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2019 Jul 18

Sci Rep



Bedside-measurement of serum cholinesterase activity predicts patient morbidity and length of the intensive care unit stay following major traumatic injury.


Zivkovic AR, Schmidt K, Stein T, Münzberg M, Brenner T, Weigand MA, Kleinschmidt S, Hofer S
Sci Rep. 2019 Jul 18; 9(1):10437.
PMID: 31320703.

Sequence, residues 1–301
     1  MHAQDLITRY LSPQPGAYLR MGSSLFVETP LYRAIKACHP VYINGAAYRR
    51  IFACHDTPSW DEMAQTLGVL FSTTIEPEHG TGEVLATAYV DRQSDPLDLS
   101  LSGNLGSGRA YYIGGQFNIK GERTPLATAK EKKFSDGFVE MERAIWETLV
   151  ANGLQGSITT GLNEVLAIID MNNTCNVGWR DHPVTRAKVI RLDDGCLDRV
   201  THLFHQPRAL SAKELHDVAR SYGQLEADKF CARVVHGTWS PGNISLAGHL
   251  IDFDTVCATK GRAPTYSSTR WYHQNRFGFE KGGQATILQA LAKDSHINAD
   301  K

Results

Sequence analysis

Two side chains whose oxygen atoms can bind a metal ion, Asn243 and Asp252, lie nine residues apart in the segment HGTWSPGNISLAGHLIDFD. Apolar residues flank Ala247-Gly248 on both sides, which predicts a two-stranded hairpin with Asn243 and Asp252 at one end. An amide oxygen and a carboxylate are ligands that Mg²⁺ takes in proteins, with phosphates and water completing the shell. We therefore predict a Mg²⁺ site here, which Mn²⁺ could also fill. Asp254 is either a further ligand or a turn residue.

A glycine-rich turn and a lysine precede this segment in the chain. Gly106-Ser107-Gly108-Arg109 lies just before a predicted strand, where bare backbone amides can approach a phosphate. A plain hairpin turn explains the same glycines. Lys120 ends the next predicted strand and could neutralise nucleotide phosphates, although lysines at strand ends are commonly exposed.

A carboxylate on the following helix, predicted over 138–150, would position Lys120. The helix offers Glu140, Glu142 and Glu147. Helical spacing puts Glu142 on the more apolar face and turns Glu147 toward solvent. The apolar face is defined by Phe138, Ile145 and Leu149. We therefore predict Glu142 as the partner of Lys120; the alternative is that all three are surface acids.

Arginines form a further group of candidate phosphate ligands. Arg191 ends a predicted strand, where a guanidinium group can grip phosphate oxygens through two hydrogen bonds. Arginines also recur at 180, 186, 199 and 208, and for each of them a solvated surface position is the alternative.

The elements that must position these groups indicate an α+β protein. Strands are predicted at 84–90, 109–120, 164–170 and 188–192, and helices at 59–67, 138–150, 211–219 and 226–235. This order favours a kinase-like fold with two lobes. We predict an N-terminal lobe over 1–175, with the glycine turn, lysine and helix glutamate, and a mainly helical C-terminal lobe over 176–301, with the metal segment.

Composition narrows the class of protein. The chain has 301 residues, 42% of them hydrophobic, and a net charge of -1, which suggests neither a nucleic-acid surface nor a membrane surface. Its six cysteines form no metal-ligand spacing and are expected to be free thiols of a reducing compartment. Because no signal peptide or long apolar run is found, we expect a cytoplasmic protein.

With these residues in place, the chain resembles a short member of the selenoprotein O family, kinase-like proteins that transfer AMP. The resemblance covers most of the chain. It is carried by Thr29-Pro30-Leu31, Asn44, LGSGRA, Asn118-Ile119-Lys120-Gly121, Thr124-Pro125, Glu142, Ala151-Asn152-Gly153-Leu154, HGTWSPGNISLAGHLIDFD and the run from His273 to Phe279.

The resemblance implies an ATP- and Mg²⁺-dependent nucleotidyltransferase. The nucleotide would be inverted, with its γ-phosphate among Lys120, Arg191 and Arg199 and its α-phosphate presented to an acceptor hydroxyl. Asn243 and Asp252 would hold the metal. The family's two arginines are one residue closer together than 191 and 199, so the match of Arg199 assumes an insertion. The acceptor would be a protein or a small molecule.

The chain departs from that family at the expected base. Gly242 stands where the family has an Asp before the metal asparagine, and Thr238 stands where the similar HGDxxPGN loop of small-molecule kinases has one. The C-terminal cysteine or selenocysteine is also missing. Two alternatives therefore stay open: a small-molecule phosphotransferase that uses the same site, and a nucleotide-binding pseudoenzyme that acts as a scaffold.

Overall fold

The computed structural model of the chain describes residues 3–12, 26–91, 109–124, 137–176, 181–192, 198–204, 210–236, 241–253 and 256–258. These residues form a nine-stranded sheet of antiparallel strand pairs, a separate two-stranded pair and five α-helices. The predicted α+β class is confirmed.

Major traumatic injury (MTI), a life-threatening condition requiring prompt medical intervention, is associated with an extensive inflammatory response often resulting in multiple organ dysfunction. Early stratification of trauma severity and the corresponding inflammation may help optimize resources at the intensive care unit (ICU). The cholinergic system counters inflammation by quickly modulating the immune response. Serum cholinesterase (butyrylcholinesterase, BChE) is an enzyme that hydrolyses acetylcholine. We tested whether a change in the BChE activity correlates with the morbidity and the length of ICU stay. Blood samples from 10 healthy volunteers and 44 patients with MTI were gathered at hospital admission, followed by measurements 12, 24 and 48 hours later. Point-of-care approach was used to determine the BChE activity. Disease severity was assessed by clinical scoring performed within 24 hours following hospital admission. BChE activity, measured at hospital admission, showed a significant and sustained reduction and correlated with disease severity scores obtained 24 hours following admission. BChE activity, obtained at hospital admission, correlated with the length of ICU stay. Bedside measurement of BChE activity, as a complementary addition to established procedures, might prove useful in the primary assessment of the disease severity and might therefore optimize therapy in the ICU.